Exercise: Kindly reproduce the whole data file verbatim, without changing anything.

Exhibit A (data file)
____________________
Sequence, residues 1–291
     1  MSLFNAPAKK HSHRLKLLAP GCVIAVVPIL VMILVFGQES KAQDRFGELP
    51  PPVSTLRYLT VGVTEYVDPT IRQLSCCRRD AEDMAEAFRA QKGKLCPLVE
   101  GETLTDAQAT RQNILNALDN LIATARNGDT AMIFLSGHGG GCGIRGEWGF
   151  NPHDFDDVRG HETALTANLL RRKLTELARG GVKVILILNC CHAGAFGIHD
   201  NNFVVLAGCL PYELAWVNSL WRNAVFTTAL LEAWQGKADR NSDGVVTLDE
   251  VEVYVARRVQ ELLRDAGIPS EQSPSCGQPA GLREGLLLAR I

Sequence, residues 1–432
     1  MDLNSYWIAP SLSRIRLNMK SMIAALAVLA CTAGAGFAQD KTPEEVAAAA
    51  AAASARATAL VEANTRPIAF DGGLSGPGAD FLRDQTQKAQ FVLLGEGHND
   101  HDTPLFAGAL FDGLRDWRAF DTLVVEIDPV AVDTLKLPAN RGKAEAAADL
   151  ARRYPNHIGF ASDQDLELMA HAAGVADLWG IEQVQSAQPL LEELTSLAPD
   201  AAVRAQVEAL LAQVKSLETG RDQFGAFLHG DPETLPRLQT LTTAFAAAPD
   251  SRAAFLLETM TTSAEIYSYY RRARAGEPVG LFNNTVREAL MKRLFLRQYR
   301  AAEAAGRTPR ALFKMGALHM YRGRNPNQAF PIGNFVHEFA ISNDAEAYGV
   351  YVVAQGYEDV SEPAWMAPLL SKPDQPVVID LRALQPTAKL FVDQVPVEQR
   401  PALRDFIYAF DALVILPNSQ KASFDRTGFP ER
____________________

Sequence, residues 1–291
     1  MSLFNAPAKK HSHRLKLLAP GCVIAVVPIL VMILVFGQES KAQDRFGELP
    51  PPVSTLRYLT VGVTEYVDPT IRQLSCCRRD AEDMAEAFRA QKGKLCPLVE
   101  GETLTDAQAT RQNILNALDN LIATARNGDT AMIFLSGHGG GCGIRGEWGF
   151  NPHDFDDVRG HETALTANLL RRKLTELARG GVKVILILNC CHAGAFGIHD
   201  NNFVVLAGCL PYELAWVNSL WRNAVFTTAL LEAWQGKADR NSDGVVTLDE
   251  VEVYVARRVQ ELLRDAGIPS EQSPSCGQPA GLREGLLLAR I

Sequence, residues 1–432
     1  MDLNSYWIAP SLSRIRLNMK SMIAALAVLA CTAGAGFAQD KTPEEVAAAA
    51  AAASARATAL VEANTRPIAF DGGLSGPGAD FLRDQTQKAQ FVLLGEGHND
   101  HDTPLFAGAL FDGLRDWRAF DTLVVEIDPV AVDTLKLPAN RGKAEAAADL
   151  ARRYPNHIGF ASDQDLELMA HAAGVADLWG IEQVQSAQPL LEELTSLAPD
   201  AAVRAQVEAL LAQVKSLETG RDQFGAFLHG DPETLPRLQT LTTAFAAAPD
   251  SRAAFLLETM TTSAEIYSYY RRARAGEPVG LFNNTVREAL MKRLFLRQYR
   301  AAEAAGRTPR ALFKMGALHM YRGRNPNQAF PIGNFVHEFA ISNDAEAYGV
   351  YVVAQGYEDV SEPAWMAPLL SKPDQPVVID LRALQPTAKL FVDQVPVEQR
   401  PALRDFIYAF DALVILPNSQ KASFDRTGFP ER